Data Security Proofs in the Cloud Storage Data Security Proofs in the Cloud Storage Data Security Proofs in the Cloud Storage Data Security Proofs in the Cloud Storage

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IJRIT 629 International Journal of Research in Information Technology (IJRIT) International Journal of Research in Information Technology (IJRIT) International Journal of Research in Information Technology (IJRIT) International Journal of Research in Information Technology (IJRIT)

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Data Security Proofs in the Cloud Storage Data Security Proofs in the Cloud Storage Data Security Proofs in the Cloud Storage Data Security Proofs in the Cloud Storage

Prof.Harish Barapatre1, Mr.Rahul Katwe2, Mr.Rohit Tawade3,Mr.Rakesh Deshmukh4,Mr.Mangesh Pathak5

12345Yadavrao Tasgaonkar Institute Of Engineering & technology

1Professor, Computer Engineering,Mumbai University Kalyan, Maharashtra, India

Email:harish.barapatre@tasgaonkartech.com

2Student, Computer Engineering,Mumbai University Ambernath, Maharashtra, India

Email:rahulk919@gmail.com

3Student, Computer Engineering,Mumbai University Alibag, Maharashtra, India

Email:rohitdtawade@gmail.com

4Student, Computer Engineering,Mumbai University Karjat, Maharashtra, India

Email:rakeshdeshmukh07@gmail.com

5Student, Computer Engineering,Mumbai University Karjat, Maharashtra, India

Email:mangeshpathak1989@gmail.com

Abstract

In cloud computing, data is moved to a remotely located cloud server. Cloud faithfully stores the data and return back to the owner whenever needed. But there is no guarantee that data stored in the cloud is secured and not altered by the cloud or Third Party Auditor (TPA). In order to overcome the threat of integrity of data, the user must be able to use the assist of a TPA.

The TPA has experience in checking integrity of the data, that clouds users does not have, and that is difficult for the owner to check. The data in the cloud should be correct, consistent, accessible and high quality. The aim of this research is twofold 1) ensuring the integrity of the data and provides the proof that data is in secured manner. 2) Providing Cryptographic key to secure the data in the cloud. The proposed approach is been implemented and the test results are promising.

Keywords: Data integrity, Cryptography, TPA,Cloud storage.

1. Introduction

Cloud storage is visualized pools where data and applications are stored which are hosted by the third party. Company, who desires to store their data in the cloud, buy or lease storage capacity from them and use it for their storage needs. Some of the cloud storage benefits are reduce costs, provide more flexibility, reduce IT management of hardware and data, reduce management of web applications through automated updates, and provide

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greater storage capacity. In spite of these benefits, “cloud” lack in some of the issues like data integrity, data loss, unauthorized access, privacy etc.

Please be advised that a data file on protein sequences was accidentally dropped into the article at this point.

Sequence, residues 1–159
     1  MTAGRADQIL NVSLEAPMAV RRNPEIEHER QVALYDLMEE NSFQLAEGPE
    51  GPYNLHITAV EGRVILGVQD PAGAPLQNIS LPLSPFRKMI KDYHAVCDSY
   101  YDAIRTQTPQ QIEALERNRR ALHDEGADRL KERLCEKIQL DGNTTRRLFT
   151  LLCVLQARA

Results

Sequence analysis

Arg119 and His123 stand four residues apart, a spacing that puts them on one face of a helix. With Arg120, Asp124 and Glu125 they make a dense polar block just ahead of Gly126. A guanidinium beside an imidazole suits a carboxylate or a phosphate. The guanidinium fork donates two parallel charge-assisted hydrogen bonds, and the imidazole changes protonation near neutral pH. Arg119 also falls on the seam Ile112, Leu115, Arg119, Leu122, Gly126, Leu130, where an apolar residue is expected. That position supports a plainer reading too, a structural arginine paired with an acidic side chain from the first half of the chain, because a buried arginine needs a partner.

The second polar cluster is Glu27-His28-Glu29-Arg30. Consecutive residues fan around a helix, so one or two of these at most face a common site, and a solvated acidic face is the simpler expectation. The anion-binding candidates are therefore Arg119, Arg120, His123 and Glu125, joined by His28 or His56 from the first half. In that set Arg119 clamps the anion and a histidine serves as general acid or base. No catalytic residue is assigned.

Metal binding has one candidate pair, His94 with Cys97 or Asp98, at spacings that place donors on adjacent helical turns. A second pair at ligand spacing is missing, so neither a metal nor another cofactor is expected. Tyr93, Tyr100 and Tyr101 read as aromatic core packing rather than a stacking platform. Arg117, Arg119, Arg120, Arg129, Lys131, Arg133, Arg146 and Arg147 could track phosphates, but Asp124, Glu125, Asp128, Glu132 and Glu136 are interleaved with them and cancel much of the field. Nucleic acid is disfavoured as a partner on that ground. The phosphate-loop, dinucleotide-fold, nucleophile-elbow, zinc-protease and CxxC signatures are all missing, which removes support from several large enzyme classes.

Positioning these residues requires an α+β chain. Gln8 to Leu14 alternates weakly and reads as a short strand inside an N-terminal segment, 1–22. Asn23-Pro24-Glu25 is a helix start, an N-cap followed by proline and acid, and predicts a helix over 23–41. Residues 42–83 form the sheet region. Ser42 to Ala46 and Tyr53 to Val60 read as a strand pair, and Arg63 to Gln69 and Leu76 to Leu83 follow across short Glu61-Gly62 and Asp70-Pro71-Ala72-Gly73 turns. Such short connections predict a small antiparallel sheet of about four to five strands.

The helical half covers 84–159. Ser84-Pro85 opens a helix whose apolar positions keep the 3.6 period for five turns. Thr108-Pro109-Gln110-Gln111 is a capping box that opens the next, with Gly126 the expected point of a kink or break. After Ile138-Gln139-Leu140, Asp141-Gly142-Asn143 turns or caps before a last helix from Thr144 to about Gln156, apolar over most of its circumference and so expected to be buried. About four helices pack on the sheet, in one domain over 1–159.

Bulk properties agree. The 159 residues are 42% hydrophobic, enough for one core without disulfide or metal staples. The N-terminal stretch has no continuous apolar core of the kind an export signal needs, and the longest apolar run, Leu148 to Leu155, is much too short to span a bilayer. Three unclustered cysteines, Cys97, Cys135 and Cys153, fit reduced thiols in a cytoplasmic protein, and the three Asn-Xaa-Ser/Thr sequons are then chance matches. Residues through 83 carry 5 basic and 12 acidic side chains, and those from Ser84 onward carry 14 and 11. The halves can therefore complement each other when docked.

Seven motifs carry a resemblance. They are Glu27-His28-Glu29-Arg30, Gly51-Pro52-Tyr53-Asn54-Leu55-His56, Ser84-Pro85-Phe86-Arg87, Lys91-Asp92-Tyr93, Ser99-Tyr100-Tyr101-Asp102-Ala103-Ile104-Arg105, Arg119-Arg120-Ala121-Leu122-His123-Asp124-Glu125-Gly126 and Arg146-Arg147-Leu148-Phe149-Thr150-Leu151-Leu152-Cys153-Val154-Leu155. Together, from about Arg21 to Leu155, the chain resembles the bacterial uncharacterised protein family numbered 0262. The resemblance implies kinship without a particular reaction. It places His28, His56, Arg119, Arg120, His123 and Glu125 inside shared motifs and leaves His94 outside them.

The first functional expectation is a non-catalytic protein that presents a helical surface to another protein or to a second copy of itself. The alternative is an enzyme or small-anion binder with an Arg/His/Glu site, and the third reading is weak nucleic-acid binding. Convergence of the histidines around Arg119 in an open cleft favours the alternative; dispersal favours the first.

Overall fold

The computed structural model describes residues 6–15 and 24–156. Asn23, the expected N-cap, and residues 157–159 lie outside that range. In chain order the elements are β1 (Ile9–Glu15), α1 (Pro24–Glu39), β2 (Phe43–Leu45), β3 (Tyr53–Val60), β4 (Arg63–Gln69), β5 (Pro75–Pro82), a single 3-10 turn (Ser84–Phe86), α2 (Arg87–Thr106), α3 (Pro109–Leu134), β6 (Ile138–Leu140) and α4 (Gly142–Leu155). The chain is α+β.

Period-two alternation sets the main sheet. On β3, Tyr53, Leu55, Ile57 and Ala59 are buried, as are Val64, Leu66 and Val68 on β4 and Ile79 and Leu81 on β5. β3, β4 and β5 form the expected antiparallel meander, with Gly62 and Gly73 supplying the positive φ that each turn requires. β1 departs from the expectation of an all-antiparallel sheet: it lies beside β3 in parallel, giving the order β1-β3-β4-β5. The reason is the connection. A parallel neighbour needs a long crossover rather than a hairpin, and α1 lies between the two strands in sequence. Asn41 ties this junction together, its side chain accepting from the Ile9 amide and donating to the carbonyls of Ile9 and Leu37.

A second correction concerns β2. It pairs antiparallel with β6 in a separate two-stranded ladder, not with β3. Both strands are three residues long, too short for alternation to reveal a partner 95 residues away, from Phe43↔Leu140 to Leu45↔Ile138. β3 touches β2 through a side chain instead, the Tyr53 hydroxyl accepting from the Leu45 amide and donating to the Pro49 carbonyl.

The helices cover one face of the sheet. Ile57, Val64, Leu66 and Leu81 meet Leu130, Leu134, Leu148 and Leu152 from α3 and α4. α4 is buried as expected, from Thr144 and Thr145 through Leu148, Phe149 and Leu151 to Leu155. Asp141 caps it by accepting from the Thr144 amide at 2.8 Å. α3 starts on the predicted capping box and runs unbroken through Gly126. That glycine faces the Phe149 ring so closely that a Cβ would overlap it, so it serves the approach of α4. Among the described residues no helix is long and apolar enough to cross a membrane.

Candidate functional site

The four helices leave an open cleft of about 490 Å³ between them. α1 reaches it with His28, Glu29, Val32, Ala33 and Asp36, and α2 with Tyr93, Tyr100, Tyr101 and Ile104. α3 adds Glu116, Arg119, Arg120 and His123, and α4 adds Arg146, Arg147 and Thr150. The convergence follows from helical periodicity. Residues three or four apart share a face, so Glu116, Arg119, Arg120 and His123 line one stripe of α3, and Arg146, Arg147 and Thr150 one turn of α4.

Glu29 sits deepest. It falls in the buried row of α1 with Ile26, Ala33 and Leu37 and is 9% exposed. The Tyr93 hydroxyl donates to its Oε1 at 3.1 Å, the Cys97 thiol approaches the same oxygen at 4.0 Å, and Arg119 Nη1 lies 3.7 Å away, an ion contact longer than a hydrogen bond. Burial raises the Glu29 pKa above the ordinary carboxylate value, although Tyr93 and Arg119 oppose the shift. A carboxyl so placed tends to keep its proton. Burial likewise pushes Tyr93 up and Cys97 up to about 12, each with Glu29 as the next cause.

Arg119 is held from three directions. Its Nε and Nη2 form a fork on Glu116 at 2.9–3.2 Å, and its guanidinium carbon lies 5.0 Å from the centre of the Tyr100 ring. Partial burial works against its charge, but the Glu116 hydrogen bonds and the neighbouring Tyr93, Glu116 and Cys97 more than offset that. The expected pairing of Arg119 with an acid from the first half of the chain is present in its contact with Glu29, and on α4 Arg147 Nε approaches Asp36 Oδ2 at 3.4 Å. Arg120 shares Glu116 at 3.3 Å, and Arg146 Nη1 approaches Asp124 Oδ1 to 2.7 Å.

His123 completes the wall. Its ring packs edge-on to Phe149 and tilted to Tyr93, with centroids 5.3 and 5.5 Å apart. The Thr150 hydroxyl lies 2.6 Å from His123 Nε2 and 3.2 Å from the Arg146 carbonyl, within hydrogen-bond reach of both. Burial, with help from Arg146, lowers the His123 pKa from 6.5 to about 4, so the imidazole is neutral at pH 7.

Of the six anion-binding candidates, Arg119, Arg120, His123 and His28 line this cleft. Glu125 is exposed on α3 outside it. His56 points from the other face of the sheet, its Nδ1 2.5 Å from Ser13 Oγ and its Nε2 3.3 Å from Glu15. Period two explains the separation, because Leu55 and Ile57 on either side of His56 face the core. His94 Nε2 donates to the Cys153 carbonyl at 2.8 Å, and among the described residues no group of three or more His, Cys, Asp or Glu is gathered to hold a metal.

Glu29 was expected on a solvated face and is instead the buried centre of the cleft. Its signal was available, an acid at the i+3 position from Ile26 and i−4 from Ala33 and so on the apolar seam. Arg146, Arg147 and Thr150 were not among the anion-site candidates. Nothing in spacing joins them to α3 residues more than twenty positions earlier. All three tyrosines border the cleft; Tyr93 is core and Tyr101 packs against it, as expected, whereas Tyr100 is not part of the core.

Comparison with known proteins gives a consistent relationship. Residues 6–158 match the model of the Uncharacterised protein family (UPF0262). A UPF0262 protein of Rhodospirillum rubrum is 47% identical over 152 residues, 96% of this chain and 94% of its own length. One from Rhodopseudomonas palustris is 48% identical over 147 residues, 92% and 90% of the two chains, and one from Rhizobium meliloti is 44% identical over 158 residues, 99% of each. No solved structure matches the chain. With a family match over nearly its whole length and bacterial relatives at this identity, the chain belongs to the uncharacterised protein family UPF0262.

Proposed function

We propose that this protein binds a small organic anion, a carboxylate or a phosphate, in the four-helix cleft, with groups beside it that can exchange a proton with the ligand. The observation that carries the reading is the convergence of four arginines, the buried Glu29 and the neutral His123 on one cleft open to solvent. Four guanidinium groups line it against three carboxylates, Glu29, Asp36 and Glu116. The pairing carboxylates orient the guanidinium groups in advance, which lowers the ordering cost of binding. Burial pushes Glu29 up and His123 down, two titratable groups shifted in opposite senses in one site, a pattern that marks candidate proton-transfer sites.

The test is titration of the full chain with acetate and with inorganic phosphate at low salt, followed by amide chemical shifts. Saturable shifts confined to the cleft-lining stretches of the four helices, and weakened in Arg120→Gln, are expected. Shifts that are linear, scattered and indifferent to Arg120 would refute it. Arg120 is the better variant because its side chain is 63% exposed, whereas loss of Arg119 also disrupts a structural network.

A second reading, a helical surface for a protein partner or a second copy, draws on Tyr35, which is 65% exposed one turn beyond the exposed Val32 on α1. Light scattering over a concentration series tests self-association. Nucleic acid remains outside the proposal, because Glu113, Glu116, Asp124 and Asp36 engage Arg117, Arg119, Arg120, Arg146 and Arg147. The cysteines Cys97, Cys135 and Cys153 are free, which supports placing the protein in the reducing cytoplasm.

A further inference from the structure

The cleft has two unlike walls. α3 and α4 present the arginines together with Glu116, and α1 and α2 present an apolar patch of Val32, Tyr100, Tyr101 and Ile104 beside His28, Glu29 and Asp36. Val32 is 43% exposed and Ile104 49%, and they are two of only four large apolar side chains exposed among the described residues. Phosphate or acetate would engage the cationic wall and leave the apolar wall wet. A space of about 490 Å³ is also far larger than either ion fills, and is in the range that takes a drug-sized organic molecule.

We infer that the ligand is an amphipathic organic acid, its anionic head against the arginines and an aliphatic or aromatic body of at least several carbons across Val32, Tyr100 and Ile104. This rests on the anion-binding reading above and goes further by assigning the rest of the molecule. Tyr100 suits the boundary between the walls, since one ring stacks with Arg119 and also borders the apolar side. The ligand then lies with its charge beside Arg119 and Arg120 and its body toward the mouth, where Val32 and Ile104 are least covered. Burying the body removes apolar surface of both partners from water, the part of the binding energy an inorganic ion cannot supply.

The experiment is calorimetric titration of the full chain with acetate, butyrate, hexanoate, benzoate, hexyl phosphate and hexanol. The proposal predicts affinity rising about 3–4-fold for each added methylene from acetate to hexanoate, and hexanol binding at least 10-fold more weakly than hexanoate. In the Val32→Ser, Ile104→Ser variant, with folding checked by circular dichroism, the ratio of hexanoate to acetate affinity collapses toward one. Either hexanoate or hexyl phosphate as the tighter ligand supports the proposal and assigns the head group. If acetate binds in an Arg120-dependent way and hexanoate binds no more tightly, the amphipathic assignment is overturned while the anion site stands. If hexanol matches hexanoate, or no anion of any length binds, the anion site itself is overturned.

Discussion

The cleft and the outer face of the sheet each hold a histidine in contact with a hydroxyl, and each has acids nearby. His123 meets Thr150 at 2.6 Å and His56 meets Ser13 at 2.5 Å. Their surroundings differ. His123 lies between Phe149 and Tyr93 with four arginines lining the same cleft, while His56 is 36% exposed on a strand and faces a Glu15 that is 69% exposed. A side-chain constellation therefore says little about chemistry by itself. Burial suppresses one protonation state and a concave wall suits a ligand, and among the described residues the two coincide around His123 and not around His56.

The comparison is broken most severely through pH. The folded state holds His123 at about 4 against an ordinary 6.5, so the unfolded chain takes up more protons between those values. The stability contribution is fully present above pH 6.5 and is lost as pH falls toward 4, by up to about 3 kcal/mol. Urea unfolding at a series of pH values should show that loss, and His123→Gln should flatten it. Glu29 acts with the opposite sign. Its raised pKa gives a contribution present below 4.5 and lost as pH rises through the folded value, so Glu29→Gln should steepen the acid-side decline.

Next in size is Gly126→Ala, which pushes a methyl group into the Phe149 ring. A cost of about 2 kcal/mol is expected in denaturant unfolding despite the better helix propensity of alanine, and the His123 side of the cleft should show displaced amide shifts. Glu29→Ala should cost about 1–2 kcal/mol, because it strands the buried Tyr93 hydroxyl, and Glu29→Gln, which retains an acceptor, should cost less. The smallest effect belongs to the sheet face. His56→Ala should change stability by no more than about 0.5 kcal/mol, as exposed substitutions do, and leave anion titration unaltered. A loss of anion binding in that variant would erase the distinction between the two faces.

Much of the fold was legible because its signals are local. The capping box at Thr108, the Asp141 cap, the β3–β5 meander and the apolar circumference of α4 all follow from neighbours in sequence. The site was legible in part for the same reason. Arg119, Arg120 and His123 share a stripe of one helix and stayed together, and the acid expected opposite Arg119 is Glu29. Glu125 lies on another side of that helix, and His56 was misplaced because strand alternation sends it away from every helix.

Data Integrity is very important among the other cloud storage issues. Because data integrity ensured that data is of high quality, correct,Consistent and accessible. After moving the data to the cloud, owner hopes that their data and applications are in secured manner. But that hope may fail some times (i.e.) the owner’s data may be altered or deleted. In that scenario, it is important to verify if one’s data has been tampered with or deleted. To validate data, often a user must download the data. If the outsourced data is very large files or entire file systems, such downloading to determine data integrity may become prohibitive in terms of increased cost of bandwidth and time, especially if frequent data checks are necessary. This paper propose a method that, owner need not download the data or files to check the integrity and it provides the proofs that data is stored at a remote storage in the cloud is not modified by anyone and there by integrity of the data is assured. Some of the best examples for cloud storage are Amazon S3, Windows Azure Storage, EMC Atoms, Files Anywhere, Google Cloud Storage, Google App Engine Blob store, cloud by Apple.

The remainder of the paper is organized as follows: Section two analyses about the cloud storage architecture and along with its characteristics. Section three of this paper briefly describes the proof of retrievability and role of Third party auditor (TPA). Section four is explaining how the data integrity is verified in the cloud. We concluded the paper in section five.

2. Cloud Storage

The process of storing data in the remotely located cloud servers are said to be cloud storage. The Architecture of cloud storage as shown in fig. 1.

Fig. 1 Architecture of cloud storage

The cloud storage is better than all traditional storage methods because of the following reasons Companies do not need to install physical

storage devices in their owndatacenter oroffices.

Storage maintenance tasks, such as backup, and purchasingadditional storage device are offloaded to the